It was time for me to face it—I had to change my eating habits. It was quite a run, but my body was finally telling me, “no more”.
A year ago, if someone asked me to describe my diet, I could easily sum it up—picture the eating habits of a 5-year-old and you’ve basically got it. My favorite foods? Chips, fries, pasta, pizza, fried chicken, and all kinds of fast food. And let’s not forget dessert, something I “treated myself” to almost nightly.
But let’s back up a bit and learn a little more about me and my eating history.
I was always a skinny kid. I don’t mean just regular-skinny…I’m talking about the kind of skinny that you get teased about. I had toothpick arms and legs, and always felt self-conscious about my lanky body.
As I got older and hit puberty, not much about my body changed (except for my height). I remained rail-thin and wishing I had a few more curves to my frame. I rarely wore shorts because my legs made me look like spongebob square pants.
So, I never worried about what I ate.
In fact, I always hoped that I’d put on a little weight and lose my boyish figure. I developed terrible habits as a result. I grew up in a house where we ate hot breakfasts, prepared lunches, and dinners as a family. I was so picky though (read: I hated everything healthy that was served to me), that meal time was always a bit of a battle in my house. Oh, my poor parents and what I put them through most nights (sorry, mom and dad!)! I couldn’t wait to have the freedom to eat what I wanted to eat, and not have to eat anything healthy and “gross”. So, from the moment I went away to college, it was a free-for-all with food.
But I always stayed skinny.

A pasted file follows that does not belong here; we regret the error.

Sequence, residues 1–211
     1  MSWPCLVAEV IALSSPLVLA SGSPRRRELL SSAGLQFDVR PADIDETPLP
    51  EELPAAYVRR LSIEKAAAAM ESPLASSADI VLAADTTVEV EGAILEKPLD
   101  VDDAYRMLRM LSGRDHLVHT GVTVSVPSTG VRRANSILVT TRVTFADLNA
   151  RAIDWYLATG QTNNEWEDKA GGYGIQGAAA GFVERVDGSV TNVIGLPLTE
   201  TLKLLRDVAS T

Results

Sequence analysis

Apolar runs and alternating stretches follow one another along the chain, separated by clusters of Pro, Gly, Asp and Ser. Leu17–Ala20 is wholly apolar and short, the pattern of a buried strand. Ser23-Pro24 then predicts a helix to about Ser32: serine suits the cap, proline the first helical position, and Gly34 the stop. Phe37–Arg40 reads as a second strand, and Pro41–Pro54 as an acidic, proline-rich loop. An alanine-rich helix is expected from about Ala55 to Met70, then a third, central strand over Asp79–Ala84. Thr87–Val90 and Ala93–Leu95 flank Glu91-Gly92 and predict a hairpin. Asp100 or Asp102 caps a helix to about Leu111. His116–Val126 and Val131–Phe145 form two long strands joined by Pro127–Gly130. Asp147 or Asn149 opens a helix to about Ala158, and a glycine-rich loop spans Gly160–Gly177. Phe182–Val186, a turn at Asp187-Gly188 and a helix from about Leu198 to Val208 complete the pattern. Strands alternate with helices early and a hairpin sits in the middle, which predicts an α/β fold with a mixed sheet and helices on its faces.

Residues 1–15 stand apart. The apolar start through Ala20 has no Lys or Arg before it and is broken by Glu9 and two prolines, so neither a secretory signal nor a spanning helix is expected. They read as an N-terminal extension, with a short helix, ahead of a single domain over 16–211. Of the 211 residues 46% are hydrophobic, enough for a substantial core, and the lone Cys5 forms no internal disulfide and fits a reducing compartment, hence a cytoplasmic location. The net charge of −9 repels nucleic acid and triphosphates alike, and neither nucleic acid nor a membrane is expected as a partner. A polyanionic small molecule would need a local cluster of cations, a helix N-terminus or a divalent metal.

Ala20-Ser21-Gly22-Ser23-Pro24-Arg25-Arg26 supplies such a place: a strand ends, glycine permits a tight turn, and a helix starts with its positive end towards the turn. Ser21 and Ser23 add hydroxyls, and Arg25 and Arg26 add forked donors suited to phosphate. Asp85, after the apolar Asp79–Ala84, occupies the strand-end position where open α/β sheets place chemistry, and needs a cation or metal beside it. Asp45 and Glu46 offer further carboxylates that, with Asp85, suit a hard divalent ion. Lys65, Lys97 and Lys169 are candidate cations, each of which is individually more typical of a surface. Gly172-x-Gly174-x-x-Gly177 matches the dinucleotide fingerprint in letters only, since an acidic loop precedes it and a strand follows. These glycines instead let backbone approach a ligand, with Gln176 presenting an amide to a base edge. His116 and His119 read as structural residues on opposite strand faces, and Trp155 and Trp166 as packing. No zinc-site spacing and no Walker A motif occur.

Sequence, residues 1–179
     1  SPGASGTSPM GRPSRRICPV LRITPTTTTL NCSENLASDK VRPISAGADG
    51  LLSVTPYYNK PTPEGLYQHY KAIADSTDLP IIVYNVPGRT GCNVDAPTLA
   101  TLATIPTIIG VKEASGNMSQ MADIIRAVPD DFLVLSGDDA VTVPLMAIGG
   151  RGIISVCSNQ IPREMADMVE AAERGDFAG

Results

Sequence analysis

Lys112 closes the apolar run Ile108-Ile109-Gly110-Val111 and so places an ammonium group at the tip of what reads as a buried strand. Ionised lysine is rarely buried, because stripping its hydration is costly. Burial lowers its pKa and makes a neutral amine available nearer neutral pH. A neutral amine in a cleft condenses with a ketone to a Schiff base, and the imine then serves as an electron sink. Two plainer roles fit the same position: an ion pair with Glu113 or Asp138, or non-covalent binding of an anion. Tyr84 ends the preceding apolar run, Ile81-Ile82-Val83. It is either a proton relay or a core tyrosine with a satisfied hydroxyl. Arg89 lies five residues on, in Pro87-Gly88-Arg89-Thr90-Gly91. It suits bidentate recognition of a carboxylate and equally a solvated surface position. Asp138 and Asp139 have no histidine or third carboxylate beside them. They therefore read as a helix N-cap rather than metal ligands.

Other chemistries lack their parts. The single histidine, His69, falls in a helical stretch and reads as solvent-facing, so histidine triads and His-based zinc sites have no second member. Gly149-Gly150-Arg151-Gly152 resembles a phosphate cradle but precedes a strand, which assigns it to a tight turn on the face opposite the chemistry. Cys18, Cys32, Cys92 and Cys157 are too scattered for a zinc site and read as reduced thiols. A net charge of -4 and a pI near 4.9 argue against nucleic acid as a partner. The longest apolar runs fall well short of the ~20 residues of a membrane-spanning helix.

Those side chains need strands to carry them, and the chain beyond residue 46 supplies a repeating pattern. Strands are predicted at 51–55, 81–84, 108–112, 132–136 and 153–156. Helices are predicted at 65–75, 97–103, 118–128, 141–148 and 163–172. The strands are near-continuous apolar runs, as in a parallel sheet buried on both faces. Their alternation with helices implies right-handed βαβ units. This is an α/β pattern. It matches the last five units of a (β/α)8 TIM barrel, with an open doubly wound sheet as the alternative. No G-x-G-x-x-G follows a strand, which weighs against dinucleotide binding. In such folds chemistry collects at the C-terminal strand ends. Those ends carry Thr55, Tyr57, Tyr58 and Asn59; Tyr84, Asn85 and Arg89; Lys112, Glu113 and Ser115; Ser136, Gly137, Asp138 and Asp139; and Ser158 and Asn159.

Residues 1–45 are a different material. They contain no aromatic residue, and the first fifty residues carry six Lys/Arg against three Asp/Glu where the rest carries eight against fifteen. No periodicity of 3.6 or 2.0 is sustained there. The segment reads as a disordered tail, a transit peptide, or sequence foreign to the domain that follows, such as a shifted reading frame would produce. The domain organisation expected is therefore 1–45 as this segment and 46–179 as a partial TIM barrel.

I got married at 25, and had my first child at 29. My first pregnancy was largely uneventful, and my body bounced back pretty quickly and easily (special shout out goes to breastfeeding here). My second pregnancy was a slightly different story. I developed gall bladder issues halfway through and suffered from terrible attacks. These attacks were triggered by the type of food I was eating—high-fat, greasy meals. The only way to avoid the attacks and the misery was to change my diet. Did I do it? Only sporadically. It was too hard for me to completely make the change, so I’d eat the meals and risk the possibility of a terrible attack.
After my son was born, the gall bladder issues subsided. I once again breastfed my baby for a year, which significantly helped me to lose my pregnancy weight.
But I never got back down to my normal weight of 114 after that pregnancy.
Perhaps it was because my body had now gone through two pregnancies, or maybe because I was now (gasp) in my thirties and my metabolism was slowing down, but my body had changed. It was likely a combination of the two. No longer could I eat anything I wanted and have a flat stomach and thin face. No, those days were over (helluva run though!).